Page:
Breaking the Grenville–Sveconorwegian link in the Rodinia supercontinent


Trond Slagstad

From NGU, Trondheim, Norway

The Grenville and Sveconorwegian orogens have traditionally been interpreted as along-strike correlatives, resulting from ca. 1.1 Ga collision between Laurentia and Fennoscandia on one side and Amazonia on the other, forming the core of the Rodinia supercontinent. This configuration has been the stalwart of otherwise diverse reconstructions of Rodinia. Available geological data suggest that the southeast Laurentian and southwest Fennoscandian margins shared a similar active-margin evolution from pre-1.8 to 1.5 Ga, and possibly until 1.25 Ga. In the Grenville Province, this evolution appears to have ended with accretion of mainly indigenous arc and back-arc assemblages, followed by continent-continent collision between 1.1 and 1.0 Ga, with northwestward translation of nappes in middle/lower ductile crust. In contrast, the tectonic evolution of the central and eastern Sveconorwegian Province is characterised by spatially and temporally discrete metamorphic events between 1.15 and 0.98 Ga, with near-continuous granitic magmatism to the west suggesting an active-margin setting until 0.92 Ga, with no evidence of a terminal continent-continent collision. Precambrian palaeomagnetic data are generally scarce and fraught with uncertainty, but appear to suggest significant latitudinal, and, by default, unknown longitudinal, separation of Laurentia and Fennoscandia at 1.05 Ga. By 0.95 Ga, Fennoscandia had drifted north to latitudes similar to those of Laurentia, but at an unknown distance east or west. The available geological and palaeomagnetic data therefore suggest that Laurentia and Fennoscandia were not contiguous during Grenville–Sveconorwegian orogenesis, which has major implications for Rodinia reconstructions. The ensuing Neoproterozoic evolution (Valhalla orogeny), preserved in Caledonian allochthonous units around the North Atlantic, may be key to constrain the relationship, if any, between the two continents following separation at 1.25 Ga until Caledonian collision at 0.44 Ga.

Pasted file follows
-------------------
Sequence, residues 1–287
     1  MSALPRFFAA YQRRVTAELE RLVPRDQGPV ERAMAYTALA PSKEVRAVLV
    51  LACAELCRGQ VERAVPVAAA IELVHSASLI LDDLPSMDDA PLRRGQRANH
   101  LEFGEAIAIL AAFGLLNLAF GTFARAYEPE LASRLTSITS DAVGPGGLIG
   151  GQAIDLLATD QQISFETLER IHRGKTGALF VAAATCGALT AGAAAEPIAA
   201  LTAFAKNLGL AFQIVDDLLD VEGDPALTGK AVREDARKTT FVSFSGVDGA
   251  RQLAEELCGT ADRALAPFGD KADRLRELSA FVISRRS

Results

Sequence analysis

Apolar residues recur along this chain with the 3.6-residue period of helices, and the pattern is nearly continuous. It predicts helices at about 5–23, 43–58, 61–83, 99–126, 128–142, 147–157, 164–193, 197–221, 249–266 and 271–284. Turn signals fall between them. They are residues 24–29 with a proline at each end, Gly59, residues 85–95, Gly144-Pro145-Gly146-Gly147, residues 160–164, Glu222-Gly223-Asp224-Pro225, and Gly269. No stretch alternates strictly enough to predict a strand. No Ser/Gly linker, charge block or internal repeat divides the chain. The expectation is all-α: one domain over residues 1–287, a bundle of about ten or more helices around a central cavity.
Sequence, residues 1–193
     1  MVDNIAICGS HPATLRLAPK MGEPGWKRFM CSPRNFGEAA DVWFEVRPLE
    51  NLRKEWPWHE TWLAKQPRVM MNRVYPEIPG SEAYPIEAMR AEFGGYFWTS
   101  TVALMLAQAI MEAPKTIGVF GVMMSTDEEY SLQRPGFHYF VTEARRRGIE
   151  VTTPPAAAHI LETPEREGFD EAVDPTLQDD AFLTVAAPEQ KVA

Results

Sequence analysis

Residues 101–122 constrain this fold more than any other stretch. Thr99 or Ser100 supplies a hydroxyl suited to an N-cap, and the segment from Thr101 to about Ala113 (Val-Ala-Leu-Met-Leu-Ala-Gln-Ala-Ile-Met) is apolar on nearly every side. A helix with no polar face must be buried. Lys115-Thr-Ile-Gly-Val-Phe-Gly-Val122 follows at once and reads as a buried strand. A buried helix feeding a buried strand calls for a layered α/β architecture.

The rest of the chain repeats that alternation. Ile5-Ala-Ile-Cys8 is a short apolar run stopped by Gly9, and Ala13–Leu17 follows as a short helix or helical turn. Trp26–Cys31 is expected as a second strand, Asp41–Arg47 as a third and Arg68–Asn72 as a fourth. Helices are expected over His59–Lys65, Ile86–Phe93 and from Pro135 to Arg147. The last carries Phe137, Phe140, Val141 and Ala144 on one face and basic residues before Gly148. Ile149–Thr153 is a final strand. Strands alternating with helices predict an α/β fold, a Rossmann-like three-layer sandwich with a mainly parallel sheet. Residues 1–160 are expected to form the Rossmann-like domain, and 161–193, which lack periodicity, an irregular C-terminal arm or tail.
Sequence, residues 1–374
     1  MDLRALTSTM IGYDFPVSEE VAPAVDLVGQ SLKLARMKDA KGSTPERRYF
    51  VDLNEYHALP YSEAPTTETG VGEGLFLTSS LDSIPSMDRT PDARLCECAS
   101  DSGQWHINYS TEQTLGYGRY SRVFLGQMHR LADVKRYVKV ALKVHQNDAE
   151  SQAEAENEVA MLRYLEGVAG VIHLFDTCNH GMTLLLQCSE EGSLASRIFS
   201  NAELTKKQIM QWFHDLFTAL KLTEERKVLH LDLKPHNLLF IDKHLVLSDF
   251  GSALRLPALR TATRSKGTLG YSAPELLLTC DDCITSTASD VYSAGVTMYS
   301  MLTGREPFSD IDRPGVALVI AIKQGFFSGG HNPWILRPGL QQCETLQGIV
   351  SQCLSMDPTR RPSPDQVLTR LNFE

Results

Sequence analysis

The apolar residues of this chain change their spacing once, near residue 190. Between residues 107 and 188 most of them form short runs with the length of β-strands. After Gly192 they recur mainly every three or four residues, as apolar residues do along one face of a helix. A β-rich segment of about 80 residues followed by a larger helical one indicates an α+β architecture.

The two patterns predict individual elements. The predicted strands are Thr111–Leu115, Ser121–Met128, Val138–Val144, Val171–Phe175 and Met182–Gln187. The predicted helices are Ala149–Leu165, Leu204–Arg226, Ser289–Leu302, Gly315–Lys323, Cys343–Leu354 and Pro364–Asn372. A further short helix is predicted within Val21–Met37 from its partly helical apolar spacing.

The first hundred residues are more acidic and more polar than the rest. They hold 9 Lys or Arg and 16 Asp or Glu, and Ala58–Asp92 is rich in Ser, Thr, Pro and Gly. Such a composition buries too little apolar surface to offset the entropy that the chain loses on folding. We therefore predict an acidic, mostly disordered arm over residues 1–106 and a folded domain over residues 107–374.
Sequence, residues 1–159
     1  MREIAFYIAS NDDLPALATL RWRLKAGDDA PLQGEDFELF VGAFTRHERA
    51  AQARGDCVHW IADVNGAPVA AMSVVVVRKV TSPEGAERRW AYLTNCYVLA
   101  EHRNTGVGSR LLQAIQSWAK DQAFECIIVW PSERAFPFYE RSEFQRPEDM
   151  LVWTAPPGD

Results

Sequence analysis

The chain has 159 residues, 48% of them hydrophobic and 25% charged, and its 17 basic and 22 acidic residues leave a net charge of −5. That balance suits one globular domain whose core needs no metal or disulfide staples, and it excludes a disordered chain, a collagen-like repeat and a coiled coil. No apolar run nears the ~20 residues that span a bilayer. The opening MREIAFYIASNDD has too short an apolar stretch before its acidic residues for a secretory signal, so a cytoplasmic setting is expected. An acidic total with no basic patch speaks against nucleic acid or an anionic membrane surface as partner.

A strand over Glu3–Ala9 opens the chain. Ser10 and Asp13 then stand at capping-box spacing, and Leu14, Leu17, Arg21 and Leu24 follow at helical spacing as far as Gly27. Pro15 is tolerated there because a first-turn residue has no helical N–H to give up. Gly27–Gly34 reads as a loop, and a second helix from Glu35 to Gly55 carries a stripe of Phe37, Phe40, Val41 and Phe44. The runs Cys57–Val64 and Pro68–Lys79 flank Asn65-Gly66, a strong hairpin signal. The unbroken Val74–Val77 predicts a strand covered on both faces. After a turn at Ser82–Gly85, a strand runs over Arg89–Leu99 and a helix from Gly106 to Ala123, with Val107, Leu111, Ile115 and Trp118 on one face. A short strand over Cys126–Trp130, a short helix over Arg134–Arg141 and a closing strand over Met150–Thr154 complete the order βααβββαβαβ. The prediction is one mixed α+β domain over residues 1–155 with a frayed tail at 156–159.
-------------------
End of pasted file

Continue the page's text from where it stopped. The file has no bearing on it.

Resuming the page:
Published Jan. 22, 2019 4:46 PM - Last modified Mar. 15, 2019 10:14 AM